Published online by Cambridge University Press: 06 April 2022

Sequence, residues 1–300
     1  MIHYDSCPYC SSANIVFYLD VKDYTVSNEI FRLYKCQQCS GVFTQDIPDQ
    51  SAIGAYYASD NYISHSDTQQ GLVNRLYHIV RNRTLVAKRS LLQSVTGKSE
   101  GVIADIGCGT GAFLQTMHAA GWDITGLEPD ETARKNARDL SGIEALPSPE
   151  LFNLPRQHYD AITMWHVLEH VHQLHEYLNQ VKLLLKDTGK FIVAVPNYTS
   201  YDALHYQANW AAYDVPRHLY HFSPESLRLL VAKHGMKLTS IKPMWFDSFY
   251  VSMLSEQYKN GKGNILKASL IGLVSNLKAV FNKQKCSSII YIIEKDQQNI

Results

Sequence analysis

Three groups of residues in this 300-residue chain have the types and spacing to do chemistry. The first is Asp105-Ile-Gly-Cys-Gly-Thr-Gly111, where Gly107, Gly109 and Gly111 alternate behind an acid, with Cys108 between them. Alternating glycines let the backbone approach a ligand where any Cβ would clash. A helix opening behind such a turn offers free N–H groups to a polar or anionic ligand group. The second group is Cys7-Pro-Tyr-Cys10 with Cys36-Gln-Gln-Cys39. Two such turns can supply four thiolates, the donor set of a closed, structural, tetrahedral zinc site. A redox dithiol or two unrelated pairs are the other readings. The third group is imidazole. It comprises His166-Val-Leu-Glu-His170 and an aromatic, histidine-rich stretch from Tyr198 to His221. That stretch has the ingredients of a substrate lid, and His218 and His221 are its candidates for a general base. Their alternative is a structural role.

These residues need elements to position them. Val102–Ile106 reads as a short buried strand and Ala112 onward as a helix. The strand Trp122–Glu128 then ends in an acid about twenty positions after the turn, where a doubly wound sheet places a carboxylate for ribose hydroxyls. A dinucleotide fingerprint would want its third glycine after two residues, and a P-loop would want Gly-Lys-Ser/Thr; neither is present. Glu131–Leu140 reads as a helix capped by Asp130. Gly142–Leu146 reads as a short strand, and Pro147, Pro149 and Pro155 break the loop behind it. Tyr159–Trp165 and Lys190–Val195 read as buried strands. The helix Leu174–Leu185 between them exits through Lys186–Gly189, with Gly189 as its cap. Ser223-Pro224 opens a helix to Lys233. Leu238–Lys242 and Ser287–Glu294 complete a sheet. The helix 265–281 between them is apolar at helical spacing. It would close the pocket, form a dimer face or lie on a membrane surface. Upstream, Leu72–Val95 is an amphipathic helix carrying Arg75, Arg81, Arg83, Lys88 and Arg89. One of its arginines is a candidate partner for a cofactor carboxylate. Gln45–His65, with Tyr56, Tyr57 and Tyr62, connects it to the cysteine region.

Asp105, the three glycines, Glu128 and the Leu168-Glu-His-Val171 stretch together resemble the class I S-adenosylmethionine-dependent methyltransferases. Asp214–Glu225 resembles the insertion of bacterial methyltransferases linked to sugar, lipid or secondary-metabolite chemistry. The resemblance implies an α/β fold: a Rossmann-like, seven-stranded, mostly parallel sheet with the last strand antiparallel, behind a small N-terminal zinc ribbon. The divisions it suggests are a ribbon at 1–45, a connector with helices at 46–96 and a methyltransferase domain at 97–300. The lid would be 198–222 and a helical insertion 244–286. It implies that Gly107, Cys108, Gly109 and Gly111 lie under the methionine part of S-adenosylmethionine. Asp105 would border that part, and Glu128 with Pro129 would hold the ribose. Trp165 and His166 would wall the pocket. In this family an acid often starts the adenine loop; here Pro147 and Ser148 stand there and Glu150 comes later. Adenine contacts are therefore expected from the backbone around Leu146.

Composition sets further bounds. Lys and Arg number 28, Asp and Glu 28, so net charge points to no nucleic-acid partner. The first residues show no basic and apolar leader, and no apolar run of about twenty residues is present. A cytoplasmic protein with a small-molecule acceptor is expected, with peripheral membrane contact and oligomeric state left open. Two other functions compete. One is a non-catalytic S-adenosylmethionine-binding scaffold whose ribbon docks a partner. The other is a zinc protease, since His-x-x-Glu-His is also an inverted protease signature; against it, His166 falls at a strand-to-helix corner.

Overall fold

London radicalism in all its expressions was galvanised by the Manchester atrocity in August 1819. While the moderate radicals raised relief funds and sought justice for the victims, the Watsonites called public meetings and arranged Hunt’s spectacular triumphal entry into London in September. Government brought prosecutions and Sidmouth’s repressive Six Acts in its wake. The moderates and Huntites quarrelled with the ultras, and the Watsonites’ failure to win mass support at a washed-out meeting in Finsbury Market on 1 November deepened Watson’s, Thistlewood’s, and Preston’s conviction that the only hope of change lay in violence.